Georg Braun (1541-1622) and Frans Hogenberg (1535-1590), Londinum from Civitates orbis terrarum
The views from George Braun and Frans Hogenberg's landmark Civitates orbis terrarum, completed in Cologne between 1572 and 1618, are among the most beautiful and important images of Renaissance cities. The Civitates was the first extensive series of town views that treated its subject matter in an accurate and meaningful way. Earlier collections of town views were far more limited in scope, and often made no real attempt to render the subject city with any degree of realism being simply a record of the existence of a town. Certainly the striking beauty and accuracy of Braun and Hogenberg's production was entirely unprecedented. Earlier collections contained no more than a handful of views, usually only of the more important cities, while the Civitates contained literally hundreds of views, including many of smaller towns for which no earlier views are known. Even for the larger, important cities, the Civitates is of the utmost importance to the history of their topography. The view of London, for example, is the earliest obtainable surviving map or view of that city.
Braun and Hogenberg envisioned this massive collection as a companion work to the Theatrum orbis terrarum, the first modern atlas, published by Abraham Ortelius in Antwerp from 1570. Indeed, Hogenberg had firsthand knowledge of that impressive and influential work, having been commissioned by Ortelius to engrave many of the plates for the maps it included. It took over forty years to collect all of the hundred of plans contained in the volumes that form the complete Civitates. The text was compiled and written by Braun, the Canon of Cologne Cathedral, and a total of five hundred views were eventually included. The majority of the engraving was completed by Hogenberg and Simon Novellanus, many after drawings by Joris Hoefnagel, a talented topographical artist.
The artistic merit of this particular plate is extremely high, and it reflects many of the same high standards of quality, in terms of color and decoration, that characterizes the maps of Ortelius. Embellished in the style of north European Renaissance art, it contains splendid examples of ornate strapwork and fretwork cartouches, a heraldic crest, a medallion, heraldic crest, a medallion, and perhaps most importantly, costumed figures that exhibit the regional fashions of the day. Legend holds that these charming figures were added to prevent the export of the book to the Islamic world, where artistic representation of the human figure was prohibited. Moreover,this particular plate is an invaluable record of London as it was in the late sixteenth century.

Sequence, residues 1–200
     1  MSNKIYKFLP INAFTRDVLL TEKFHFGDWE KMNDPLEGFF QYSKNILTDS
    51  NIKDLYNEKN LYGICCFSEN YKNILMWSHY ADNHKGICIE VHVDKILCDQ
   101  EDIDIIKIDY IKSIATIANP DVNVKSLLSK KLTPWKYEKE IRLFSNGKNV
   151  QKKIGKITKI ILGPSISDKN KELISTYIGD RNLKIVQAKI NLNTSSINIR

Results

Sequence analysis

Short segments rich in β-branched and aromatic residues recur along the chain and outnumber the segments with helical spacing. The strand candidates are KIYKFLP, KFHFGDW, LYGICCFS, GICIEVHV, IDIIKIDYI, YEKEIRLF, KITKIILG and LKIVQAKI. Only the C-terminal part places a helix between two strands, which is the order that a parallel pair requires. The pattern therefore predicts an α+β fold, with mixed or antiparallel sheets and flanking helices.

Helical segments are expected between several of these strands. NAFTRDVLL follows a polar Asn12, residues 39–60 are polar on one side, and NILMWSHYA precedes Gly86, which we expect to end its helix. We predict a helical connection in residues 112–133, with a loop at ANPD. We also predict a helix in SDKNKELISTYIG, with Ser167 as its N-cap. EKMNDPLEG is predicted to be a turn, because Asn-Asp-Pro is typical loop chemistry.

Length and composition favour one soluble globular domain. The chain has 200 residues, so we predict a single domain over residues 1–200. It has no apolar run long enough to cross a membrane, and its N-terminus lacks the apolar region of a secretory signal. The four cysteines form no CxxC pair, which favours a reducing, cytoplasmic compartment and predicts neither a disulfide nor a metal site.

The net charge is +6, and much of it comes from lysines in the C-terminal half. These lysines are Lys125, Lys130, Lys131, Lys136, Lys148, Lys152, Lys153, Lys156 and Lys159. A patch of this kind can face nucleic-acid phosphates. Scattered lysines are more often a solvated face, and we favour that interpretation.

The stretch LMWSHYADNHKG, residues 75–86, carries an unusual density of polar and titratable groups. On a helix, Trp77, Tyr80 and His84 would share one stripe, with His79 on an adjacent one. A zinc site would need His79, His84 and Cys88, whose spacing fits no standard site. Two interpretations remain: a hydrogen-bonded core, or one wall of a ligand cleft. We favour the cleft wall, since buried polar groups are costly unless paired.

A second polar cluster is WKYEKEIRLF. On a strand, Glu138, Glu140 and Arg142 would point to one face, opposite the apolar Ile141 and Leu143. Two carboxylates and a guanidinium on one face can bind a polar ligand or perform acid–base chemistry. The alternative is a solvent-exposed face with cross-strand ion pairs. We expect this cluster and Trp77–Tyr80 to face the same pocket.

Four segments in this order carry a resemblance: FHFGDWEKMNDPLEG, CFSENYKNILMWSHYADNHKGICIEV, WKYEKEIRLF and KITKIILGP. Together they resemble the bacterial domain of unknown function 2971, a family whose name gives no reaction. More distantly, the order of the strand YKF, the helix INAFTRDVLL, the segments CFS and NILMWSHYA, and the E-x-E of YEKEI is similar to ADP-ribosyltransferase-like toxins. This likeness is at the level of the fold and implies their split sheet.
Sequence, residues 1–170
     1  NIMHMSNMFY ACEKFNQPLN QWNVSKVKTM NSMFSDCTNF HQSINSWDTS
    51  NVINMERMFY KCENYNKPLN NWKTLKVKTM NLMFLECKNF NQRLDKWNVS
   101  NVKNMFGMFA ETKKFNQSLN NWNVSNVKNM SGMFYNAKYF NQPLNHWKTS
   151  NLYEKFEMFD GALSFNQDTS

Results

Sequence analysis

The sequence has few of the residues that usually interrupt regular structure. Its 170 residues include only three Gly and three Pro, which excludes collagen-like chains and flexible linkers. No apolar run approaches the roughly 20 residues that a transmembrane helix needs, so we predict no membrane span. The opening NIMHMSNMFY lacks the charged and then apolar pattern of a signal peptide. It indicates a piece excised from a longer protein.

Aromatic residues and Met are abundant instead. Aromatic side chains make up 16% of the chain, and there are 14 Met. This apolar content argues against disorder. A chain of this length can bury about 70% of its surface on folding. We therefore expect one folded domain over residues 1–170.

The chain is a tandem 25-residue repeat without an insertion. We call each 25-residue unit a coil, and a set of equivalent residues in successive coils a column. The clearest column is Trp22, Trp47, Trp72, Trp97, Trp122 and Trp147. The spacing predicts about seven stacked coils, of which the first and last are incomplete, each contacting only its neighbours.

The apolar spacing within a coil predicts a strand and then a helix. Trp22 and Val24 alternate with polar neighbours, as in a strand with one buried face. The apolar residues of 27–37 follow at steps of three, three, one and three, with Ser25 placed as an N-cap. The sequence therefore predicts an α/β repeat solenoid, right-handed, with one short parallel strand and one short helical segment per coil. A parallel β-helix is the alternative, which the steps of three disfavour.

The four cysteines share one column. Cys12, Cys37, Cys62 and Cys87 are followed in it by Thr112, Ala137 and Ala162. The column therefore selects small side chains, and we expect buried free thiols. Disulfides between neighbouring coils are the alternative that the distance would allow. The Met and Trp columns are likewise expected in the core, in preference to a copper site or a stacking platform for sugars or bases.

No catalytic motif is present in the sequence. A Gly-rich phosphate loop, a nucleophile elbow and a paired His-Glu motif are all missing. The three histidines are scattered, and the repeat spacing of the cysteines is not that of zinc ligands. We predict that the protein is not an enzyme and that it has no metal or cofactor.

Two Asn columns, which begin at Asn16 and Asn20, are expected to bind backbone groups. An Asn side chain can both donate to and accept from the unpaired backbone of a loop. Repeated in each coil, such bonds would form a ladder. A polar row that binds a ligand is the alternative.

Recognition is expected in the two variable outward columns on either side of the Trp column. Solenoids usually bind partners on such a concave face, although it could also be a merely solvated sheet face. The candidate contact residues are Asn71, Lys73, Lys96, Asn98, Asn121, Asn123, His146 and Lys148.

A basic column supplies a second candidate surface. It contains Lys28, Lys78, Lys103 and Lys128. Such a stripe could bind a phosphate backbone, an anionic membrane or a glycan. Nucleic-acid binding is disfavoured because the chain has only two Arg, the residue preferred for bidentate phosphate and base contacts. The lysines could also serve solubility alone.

Under the Tudor's London mushroomed in size and its transformation was the phenomenon of the age. In 1500 it was classed as a middle-ranking medieval capital city, inhabited by approximately 40,000 people. Paris and Venice were more than double in size and commercially London was subservient to the vibrant mercantile centers of the Low Countries. By 1603 and the death of the last Tudor monarch, Elizabeth I, it had quadrupled in size housing close to 180,000 people. The sixteenth century witnessed what the 1615 edition of John Stow's Annales, or, a General Chronicle of England described as 'the unimaginable enlarging of London, and the suburbs, with the space of fiftie years.' However, the city's appearance was far from how we view it today. Most buildings were made of timber and architecturally inspired by Northern Europe. In essence it remained a medieval city lacking the beautiful Renaissance vistas and public spaces that had recently been created in Antwerp, Rome and Paris. It was not until 1666 and the Great Fire that vast tracts of the city were razed and London began to assume its present appearance. Thus, Braun and Hogenberg's view is a valuable record of the city as it used to look.
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